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White Man Can’t Kick: The Top 10 White Dudes in Martial Arts Stories

Tuesday 28th August 2012 by Joe Starr

As long as there have been stories, there have been white people out to prove that they are better at doing whatever it is the people in those stories are doing. And as long as there have been white people that love martial arts, there have been white dudes hanging around the Asian dudes in martial arts stories. Sometimes they’re the hero. Sometimes they’re not. Sometimes they’re awesome at martial arts. Sometimes they’ve got no kung fu at all. And sometimes they’re white, but Hollywood wants you to think that they’re not because no one wanted to hire a Chinese guy for their Chinese guy story.

Here are the best, worst, and most memorable white dudes that the world of fictional martial arts has to offer.

Glacier (WCW)

Pro Wrestling has a long tradition of trying to pinpoint things that are cool in pop culture and incorporating them into the squared circle. Like when Robocop rescued Sting in WCW, or when the WWF pushed wearing leather fanny packs into the main event scene. In the late 90’s, WCW decided that the best way to keep winning the Monday Night Wars was to borrow heavily from the hit video game Mortal Kombat and debuted GLACIER, because nothing screams ‘future of the business’ like a guy in a Sub Zero costume doing sidekicks in the middle of Rupp Arena. WCW spent millions on this white ninja’s entrance, which included laser lights and and synthetic snow. Glacier makes the list because he is the ultimate worst example of white guy Martial Arts: a bunch of white southern guys with no real reference to what makes martial arts great outside of ‘my kid likes this immortal combat game’ trying to create a live action martial arts epic in Hulk Hogan’s backyard. It went GREAT.

Ninja Master Gordon (Cobra vs. Ninja)

The tale of actor Richard Harrison is an interesting one: he was known for his B movie spaghetti westerns when he signed on to do a ninja movie with director Godfrey Ho to cash in on the late 80’s ninja craze, AKA my defining years. Without his knowledge, his scenes were cut up and placed into more than a dozen terrible martial art movies like Cobra vs. Ninja and Ninja Avengers, all billing him as the star. In the IMDB age, I now know of the tragic scam that killed Harrison’s career. But when I was a kid, I only knew him as Ninja Master Gordon, the dude in the bad ass ninja costume that said ‘ninja’ on it that once visited a place called The Unicorn Village.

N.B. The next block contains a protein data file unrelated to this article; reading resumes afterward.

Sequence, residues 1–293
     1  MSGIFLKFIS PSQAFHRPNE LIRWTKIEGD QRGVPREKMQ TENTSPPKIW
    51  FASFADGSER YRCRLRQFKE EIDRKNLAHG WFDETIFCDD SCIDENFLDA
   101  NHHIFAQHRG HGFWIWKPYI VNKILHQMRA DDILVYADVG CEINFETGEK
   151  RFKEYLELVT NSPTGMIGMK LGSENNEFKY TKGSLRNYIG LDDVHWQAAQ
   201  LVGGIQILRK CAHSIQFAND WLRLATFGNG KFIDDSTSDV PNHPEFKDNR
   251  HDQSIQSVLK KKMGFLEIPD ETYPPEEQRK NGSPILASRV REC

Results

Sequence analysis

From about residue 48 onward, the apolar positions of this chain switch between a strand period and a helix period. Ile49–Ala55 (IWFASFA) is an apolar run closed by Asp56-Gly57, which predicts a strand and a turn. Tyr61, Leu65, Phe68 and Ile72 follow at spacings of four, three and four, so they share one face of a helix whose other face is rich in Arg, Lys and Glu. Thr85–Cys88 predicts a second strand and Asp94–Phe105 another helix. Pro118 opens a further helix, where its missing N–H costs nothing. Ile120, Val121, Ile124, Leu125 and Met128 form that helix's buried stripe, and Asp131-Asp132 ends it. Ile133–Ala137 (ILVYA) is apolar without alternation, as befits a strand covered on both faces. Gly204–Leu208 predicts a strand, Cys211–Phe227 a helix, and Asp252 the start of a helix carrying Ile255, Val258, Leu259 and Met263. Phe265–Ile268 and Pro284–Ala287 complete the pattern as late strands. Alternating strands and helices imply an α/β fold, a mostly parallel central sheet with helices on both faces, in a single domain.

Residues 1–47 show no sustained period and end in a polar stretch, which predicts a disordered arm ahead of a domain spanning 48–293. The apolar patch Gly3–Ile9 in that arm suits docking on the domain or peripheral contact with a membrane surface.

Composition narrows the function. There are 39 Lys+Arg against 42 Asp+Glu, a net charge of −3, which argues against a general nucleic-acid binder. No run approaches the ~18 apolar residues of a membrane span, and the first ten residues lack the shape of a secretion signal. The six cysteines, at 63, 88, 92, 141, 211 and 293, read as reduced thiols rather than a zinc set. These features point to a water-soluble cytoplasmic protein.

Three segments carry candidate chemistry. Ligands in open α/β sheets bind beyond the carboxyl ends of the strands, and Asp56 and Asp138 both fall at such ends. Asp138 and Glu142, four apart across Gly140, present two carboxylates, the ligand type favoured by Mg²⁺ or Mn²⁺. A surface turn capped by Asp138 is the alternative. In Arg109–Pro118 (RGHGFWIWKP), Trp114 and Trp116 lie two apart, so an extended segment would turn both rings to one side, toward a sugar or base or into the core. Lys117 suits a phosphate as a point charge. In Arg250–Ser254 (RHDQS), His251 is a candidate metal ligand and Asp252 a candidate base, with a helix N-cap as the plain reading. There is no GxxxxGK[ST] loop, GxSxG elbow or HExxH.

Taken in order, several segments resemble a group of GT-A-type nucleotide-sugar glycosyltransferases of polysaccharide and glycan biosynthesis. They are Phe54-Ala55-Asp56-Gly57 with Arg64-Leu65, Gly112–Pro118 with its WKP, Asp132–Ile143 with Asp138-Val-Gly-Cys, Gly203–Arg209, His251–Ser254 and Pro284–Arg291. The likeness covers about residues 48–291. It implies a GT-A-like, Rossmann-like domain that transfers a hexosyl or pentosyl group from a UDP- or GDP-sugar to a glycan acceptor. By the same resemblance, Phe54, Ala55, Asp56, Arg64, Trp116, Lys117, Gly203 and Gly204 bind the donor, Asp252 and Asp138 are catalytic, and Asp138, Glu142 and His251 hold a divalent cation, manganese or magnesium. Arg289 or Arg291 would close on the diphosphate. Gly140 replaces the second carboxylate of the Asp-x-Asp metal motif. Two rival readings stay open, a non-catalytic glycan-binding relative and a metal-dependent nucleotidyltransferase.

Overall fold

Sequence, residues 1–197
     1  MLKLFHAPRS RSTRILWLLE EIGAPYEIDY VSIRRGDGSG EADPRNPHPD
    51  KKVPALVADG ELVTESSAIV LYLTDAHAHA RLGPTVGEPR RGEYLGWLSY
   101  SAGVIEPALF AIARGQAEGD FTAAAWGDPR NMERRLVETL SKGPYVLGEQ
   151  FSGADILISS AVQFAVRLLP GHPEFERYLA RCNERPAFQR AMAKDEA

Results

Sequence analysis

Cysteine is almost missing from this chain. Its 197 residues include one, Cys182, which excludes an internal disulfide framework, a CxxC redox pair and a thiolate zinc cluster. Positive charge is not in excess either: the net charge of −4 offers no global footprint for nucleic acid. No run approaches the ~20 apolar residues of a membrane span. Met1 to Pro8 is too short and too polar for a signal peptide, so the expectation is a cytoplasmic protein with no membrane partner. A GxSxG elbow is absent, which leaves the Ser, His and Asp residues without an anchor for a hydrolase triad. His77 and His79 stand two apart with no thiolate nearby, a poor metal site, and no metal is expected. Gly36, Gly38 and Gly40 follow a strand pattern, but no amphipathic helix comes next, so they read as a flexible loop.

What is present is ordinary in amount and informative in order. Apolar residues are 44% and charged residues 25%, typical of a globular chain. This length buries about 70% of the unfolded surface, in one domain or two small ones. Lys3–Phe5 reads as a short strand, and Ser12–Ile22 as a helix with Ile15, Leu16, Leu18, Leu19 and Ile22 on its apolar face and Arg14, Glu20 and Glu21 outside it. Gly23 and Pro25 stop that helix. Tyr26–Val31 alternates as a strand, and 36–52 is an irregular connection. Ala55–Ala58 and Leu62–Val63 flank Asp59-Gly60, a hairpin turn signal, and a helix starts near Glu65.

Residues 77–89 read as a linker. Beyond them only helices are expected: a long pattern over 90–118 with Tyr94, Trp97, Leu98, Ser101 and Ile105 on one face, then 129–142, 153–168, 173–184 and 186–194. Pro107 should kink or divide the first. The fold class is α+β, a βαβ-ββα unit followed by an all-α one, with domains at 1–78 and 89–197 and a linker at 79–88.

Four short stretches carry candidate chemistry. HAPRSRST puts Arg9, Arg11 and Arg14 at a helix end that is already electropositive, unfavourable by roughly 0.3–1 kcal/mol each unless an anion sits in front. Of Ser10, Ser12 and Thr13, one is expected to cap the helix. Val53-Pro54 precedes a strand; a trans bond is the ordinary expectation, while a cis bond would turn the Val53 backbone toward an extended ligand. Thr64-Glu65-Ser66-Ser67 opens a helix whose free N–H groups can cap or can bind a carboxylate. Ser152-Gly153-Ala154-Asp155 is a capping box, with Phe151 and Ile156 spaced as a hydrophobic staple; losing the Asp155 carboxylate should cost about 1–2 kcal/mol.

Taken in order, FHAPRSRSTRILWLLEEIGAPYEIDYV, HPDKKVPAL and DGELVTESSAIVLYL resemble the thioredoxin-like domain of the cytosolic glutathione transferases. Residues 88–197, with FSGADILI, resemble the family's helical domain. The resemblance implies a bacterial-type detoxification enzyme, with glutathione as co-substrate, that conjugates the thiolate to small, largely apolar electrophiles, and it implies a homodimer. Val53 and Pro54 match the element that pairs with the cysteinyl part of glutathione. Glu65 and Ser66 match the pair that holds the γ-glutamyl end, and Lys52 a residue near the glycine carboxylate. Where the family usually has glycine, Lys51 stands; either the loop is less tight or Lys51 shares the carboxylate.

Billy and Jimmy Lee (Double Dragon)

Talk about handing everything kids in the late’s 80’s/early 90’s loved on a roundhouse kicking platter: punching dudes in the woods, sleeveless vests, and sweet double team moves. Double Dragon was total wish fulfillment for 10 year old boys: if a guy showed up with a weapon you didn’t own, you got to beat the crap out of him and steal it. If you beat the game in co-op mode, Billy and Jimmy fought each other to see who got to bang the chick they just rescued: just like most things involving ten year olds, the game devolves into an argument over who gets to play with the Turtle Blimp.

Also, if you can score 50,000 in Double Dragon, Fred Savage is going to think you’re a pretty big deal.

Roper (Enter the Dragon)

Unlike a lot of white dudes on this list, Roper got to pal around with Bruce Lee. He’s also a fun turncoat character, being tempted with a role in a massive drug trade, as opposed to just being a dude with no sleeves on his vest that’s like ‘you kidnapped my girlfriend! NUNCHUCKS!’ He chooses the Bruce Lee path and the two take an awesome stand in one of the best third act sequences in a martial arts film.

White guys can’t kick, but they can give the best damn thumbs up on the planet. MURICA!

Haggar (Final Fight)

I’ll let Wikipedia’s explanation speak for itself, because I can’t write anything nearly as good:

Chronologically set during the time of the original Street Fighter, Final Fight is set in the fictional American metropolis of Metro City, based on New York City. A former professional wrestler named Mike Haggar is elected as the new Mayor of the city, promising to handle the city’s criminal problem in his campaign. The Mad Gear gang, the dominant criminal organization of the city, plots to bring Haggar under their control by kidnapping his daughter Jessica and using her as leverage against him. Enlisting the help of Cody, Jessica’s boyfriend and an experienced brawler himself, as well as Cody’s sparring partner, a ninja named Guy, Haggar opts to fight the gang instead in order to save his daughter.